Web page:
In my most popular presentation, "Parenting with Love and Leadership," I reveal the secret to proper, effective discipline: to wit, acting like a superior being.
Note: The following is the 23rd in a series of columns that will describe towns and communities, past and present, that were settled after Bulloch County was first settled. Some have since been cut into other counties.
A month ago, a friend of mine told me she went to work out at a local gym one morning in early January, but it was so crowded, she couldn't find a machine to use.
The first place to cross your mind when deciding on a lunch locale may not be a coffee shop, but when you visit The Daily Grind in Statesboro, that Red Hot Cinnamon Latte won't be the only thing that tempts you. Serving up more than freshly roasted espresso beans, I'm totally impressed by the plates they produce out of that tiny little kitchen, like Roasted Red Pepper Soup with Smoked Gouda, Hot Ham and Cheese Croissants, Shrimp and Roasted Corn Soup and an array of other nutrient-packed wraps, inventive salads and flavored teas. Open since 2000, the quaint ...
An article in the Savannah Morning News in 2008, reporting on stress in America, noted a survey showing that more than three-fourths of Americans pointed to the state of the economy as a significant source of anxiety. Almost half said they felt increasing concern about their ability to provide for the basic needs of their families. One individual was quoted as saying that if the people of the United States "continue to experience these high levels of stress for prolonged periods of time, they are at risk for developing serious illnesses."
The following is the last of a four-part series on local African-Americans who are making positive contributions to their community.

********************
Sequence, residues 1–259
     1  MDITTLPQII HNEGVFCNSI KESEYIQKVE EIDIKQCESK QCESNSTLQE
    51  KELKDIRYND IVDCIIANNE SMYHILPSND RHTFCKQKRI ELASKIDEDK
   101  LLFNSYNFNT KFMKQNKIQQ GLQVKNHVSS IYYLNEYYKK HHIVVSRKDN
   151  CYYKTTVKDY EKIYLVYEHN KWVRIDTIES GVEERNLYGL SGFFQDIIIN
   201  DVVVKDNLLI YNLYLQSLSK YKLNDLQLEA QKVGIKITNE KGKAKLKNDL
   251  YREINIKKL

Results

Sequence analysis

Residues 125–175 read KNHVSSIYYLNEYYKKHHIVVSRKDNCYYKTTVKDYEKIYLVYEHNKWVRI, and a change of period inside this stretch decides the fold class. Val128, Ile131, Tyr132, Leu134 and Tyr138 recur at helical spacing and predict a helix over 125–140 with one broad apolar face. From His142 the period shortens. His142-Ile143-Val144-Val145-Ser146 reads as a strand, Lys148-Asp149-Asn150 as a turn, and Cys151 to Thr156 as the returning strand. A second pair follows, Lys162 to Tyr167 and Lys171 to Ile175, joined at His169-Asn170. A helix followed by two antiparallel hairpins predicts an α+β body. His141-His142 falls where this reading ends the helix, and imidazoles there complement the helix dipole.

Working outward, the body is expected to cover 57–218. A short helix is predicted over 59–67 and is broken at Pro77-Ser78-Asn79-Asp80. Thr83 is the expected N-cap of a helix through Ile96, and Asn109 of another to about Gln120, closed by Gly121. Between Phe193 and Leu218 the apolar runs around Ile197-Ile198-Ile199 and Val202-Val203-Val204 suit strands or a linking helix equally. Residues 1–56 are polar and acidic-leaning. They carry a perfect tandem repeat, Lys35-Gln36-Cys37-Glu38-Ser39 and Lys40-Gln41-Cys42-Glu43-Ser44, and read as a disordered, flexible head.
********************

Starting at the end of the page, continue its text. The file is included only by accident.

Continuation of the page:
Q: My 5-year-old is the youngest of my three children. Her older boy/girl twin siblings clearly outshine her athletically. They're already very skilled at wakeboarding and snow skiing, for example. I think my youngest has decided that because she doesn't measure up to her siblings, she will simply give up. All she wants to do is hang out with me. (I'm not athletic, either, but everyone in the family except this one child is physically active.)
The lines on the sailboats in the boatyard keen in the wind, cats meowing mournfully at some imagined wrong. The tide is low, the water nearly flat. In the not too distance, a shrimp boat's silhouette cuts the gray landscape with edges as sharp as a knife blade. It is not exactly too cold for a long walk, but I am ill-prepared; the coat is warm enough, the shoes sturdy enough, but without gloves or a scarf, my hands, my face, my ears will be gnawed raw in minutes.
God has a lot to say about money in the Bible - in fact, more than almost any other single topic. He cares about the attitudes we have about it and how we use it. Money is necessary; yet there is so much corruption connected with the desire for money.